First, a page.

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Did I REALLY do that?

Posted 12th March 2017 at 04:49 PM by googlyone

in my electronics workshop I have always had a stereo. Eight years ago I looked on the shelf and decided there was all the makings of an integrated preamp - DSP - Crossover and four power amplifiers.

That is the price of always making an extra board or two when I build a "thing" - you end up with a massive collection of bits.

I duly shoe-horned this lot into a case that is about 3" high. Tuned it up and didn't think a lot more.

Fast forward 8 years to two weeks ago, and there I was listening to the radio while wondering what to build next, and I thought the left tweeter sounded a bit low.

I swapped input to the amp L-R, and yep, it was. Odd - as the DSP treats L and R exactly the same, there is no balance control in there. So I swapped the speakers. Hmm, it wasn't the tweeter. It was inside the "box".

So I popped the lid, and found this...

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Damn! Did I really do this? What was I thinking! I sat staring at the stuff all squeezed together wondering where to start...

On the left is a power supply - using a heap of 2200uF caps. Wow, given this thing generally runs at about 100mw, I suppose there won't be much ripple!

In the very front are two (yes two) micro controllers and two dials and two 16*2 LCD user interfaces. Yes, it started coming back - I just wanted to turf the bits in the box, and couldn't be bothered rewriting the software on the DSP controller to drive the PGA4311. So there are two interfaces. hmmm.

In the middle is the DSP. This includes a CODEC DSP and everything to make a crossover, to the right of this is it's power supply - I recalled that putting this lot all together in the box and wiring it al to a single power supply was a recipe for disaster with ground noise. So the separate PSU was shoe horned in.

At the middle back are four 25 Watt amplifiers - each about the size of a credit card, and back left are two four channel volume controls. The reason there are two of these is that there is a Subwoofer output - which needs to be controlled with the mains.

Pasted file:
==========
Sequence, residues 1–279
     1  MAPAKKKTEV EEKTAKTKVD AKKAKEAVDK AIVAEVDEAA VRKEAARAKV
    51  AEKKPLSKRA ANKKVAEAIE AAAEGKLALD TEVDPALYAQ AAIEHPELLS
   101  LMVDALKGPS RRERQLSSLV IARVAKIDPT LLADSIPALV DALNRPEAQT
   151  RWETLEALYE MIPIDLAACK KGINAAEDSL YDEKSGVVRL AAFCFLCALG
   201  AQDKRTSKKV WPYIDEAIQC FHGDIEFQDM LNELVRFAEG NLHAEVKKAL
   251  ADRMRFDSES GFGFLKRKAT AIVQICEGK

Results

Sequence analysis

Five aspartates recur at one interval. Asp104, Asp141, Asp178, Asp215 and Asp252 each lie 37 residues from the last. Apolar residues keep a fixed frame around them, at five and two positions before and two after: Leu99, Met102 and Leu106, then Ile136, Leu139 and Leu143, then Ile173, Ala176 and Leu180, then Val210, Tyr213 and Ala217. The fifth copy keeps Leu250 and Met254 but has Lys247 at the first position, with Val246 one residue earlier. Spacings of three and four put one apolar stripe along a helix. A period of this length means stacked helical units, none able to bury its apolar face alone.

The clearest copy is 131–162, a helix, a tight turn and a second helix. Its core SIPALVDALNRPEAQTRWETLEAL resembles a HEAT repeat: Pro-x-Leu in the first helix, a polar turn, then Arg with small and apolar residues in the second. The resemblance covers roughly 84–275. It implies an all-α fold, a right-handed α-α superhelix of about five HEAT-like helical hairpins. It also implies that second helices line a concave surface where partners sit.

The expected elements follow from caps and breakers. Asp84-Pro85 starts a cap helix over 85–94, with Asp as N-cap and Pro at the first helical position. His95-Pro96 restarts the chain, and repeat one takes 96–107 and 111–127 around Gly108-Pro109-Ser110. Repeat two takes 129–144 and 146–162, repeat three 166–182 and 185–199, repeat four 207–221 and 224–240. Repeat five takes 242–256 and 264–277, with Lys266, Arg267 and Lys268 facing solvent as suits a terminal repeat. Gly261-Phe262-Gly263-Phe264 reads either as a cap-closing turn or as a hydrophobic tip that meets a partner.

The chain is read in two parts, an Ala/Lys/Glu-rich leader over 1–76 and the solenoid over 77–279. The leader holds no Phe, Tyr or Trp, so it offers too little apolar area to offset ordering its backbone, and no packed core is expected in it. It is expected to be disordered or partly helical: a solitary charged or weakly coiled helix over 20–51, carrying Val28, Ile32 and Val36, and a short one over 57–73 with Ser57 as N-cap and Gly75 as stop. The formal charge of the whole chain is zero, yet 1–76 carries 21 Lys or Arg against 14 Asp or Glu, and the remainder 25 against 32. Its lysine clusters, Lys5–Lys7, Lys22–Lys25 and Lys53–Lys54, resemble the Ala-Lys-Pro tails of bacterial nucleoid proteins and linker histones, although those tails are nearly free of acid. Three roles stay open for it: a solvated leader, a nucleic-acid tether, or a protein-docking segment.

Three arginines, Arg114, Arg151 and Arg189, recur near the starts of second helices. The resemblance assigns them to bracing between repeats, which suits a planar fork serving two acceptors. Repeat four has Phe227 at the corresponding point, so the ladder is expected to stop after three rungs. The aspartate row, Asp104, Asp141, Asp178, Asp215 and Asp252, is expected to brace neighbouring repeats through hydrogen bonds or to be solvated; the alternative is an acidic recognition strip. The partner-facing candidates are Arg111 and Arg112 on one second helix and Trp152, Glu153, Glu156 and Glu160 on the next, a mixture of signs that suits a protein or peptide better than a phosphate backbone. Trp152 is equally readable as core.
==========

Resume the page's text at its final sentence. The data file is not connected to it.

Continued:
It turned out the issue was that when I threw the software onto the micro for the volume control, I was recycling code and not thinking too hard. I set the number of channels to "3" which is correct, but didn't test the effect of this on the PGA4311.

There was a bug in the code and not using all four channels of the PGA meant that the volume offsets I was programming in for the tweeters were all stuffed up.

After 8 years I didnt have the development environment, any design notes other than the CAD files and software source.

I pulled out the source code and quickly realised where the problem was. Then I went to compile it. Hmmm What chip was that again? A PIC18F4520. The last time I used one of those was 8 years ago! Since then I have had at least 2 computers, and PIC have changed the IDE. Grrrrrr.

So two weeks later I have downloaded a new compiler, set up the project in MPLAB-X, worked out how to set all the confg bits for the PIC18F, built and tested the code... Oh and changed a "3" to a "4" in the config file.

Lesson to self - check your software!
Second lesson to self - document stuff better!
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